Ladies, can we talk?
This is embarrassing. At least I think it is — unless it’s good news, in a twisted kind of way.
Former state Attorney General Kathleen Kane resigned last week, after being found guilty on two felony counts of perjury and seven misdemeanor counts of abusing the power of her office.
Just four weeks ago, federal prosecutors indicted former state treasurer Barbara Hafer for allegedly misleading the FBI and IRS in their investigation of a pay-to-play scheme.
And then there’s the long-running saga of the Orie sisters.
What gives? This glorious commonwealth can’t boast of many female pols — our Legislature, for instance, ranks 39th in the nation — and an outsize percentage of the few we’ve got seem to have mastered the crash-and-burn.
Or maybe it just feels that way, given the years of juicy-details, look-at-that-nail-polish commentary.
In a state “with an incestuous, dysfunctional political system” (per Esquire magazine), “where corruption in politics is as common as the housefly” (per The New York Times), how bad is this scandal roll call for us gals?
I turned to an expert for enlightenment — and encouragement.
“There are so few women [in politics] that we pin all our hopes and dreams on the ones who are out there,” said Dana Brown, executive director of Chatham University’s Pennsylvania Center for Women and Politics.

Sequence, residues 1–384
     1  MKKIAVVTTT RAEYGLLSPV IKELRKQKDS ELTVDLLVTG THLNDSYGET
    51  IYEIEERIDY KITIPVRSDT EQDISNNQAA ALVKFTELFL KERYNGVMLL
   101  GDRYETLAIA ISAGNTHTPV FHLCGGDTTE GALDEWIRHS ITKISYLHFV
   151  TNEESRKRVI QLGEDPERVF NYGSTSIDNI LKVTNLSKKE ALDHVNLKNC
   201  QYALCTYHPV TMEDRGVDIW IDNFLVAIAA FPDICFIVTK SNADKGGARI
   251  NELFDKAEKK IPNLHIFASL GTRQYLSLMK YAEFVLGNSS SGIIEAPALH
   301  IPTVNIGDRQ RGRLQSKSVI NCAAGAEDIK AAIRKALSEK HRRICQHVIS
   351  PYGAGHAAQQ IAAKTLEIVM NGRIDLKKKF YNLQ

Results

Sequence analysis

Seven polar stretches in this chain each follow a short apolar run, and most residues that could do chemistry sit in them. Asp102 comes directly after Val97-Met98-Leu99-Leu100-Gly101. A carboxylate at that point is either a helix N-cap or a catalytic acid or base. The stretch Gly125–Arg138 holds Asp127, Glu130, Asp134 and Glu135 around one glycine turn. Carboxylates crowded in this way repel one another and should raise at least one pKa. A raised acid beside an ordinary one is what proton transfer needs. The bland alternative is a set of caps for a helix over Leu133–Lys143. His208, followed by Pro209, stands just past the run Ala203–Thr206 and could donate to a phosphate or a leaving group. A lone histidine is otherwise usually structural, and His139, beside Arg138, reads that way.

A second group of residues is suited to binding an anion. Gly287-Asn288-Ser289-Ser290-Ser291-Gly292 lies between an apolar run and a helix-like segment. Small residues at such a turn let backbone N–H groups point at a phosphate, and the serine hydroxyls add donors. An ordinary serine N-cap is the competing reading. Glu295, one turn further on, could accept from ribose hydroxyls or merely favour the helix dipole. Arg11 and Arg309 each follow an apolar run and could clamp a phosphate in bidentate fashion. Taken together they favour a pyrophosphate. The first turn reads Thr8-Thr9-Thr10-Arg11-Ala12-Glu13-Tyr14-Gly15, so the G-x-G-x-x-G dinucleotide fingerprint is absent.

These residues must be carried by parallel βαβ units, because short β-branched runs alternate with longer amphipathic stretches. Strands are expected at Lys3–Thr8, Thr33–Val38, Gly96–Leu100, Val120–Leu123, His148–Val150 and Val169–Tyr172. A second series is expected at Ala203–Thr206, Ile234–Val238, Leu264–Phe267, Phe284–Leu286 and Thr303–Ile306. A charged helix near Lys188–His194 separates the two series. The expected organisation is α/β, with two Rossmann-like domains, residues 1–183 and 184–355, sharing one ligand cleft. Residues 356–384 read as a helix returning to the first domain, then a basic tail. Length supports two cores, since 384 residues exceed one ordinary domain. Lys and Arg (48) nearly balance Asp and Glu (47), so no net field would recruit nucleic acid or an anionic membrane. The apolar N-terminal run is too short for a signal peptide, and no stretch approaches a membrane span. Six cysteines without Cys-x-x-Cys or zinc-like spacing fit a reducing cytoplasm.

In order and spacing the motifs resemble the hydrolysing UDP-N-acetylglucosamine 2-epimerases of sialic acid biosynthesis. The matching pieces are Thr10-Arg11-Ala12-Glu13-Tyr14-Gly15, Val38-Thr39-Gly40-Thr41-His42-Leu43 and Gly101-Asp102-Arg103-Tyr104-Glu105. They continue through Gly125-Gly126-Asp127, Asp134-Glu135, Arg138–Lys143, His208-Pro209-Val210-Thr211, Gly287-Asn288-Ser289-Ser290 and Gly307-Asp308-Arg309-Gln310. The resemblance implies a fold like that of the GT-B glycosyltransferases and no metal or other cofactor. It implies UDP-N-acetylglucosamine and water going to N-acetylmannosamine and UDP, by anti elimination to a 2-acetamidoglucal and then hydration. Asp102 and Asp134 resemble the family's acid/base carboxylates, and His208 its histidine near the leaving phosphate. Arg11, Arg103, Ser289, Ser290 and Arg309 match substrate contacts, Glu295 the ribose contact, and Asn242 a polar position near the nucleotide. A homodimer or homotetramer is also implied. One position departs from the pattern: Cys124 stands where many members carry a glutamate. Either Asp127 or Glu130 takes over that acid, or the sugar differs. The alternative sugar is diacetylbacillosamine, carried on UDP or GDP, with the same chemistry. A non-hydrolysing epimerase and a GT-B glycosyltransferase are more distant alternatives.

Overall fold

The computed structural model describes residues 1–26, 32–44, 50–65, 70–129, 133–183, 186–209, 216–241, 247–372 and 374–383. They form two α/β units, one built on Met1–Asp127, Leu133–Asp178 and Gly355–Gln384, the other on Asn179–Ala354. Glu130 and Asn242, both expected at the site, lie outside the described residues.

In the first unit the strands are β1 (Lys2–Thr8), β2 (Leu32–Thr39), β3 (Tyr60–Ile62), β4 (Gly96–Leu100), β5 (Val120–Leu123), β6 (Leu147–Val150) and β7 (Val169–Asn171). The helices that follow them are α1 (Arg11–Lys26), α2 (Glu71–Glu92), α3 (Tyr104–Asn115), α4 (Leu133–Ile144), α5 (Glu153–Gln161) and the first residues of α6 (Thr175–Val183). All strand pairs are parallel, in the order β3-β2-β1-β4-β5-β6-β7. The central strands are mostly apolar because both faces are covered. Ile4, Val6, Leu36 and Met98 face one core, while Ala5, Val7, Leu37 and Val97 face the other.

Well, I can’t lay claim to “hopes and dreams,” but I’ll admit to mixed feelings. I mostly deplore identity politics. Philosophy and character matter far more than gender or race.
But I recognize it helps us as citizens to see people from whatever groups we identify with participating in representative democracy — and doing it well.
“While it’s really unfortunate to have anyone make a bad choice on behalf of the commonwealth, there are also many men who make these bad choices,” Ms. Brown said, launching into a long list: Mike Veon, Bill DeWeese, Rob McCord, etc. …
“We don’t ever ask ourselves, ‘How does this reflect on all men?’
“It seems [the Kane scandal] might say more about the political system as a whole than it says about women in Pennsylvania politics.”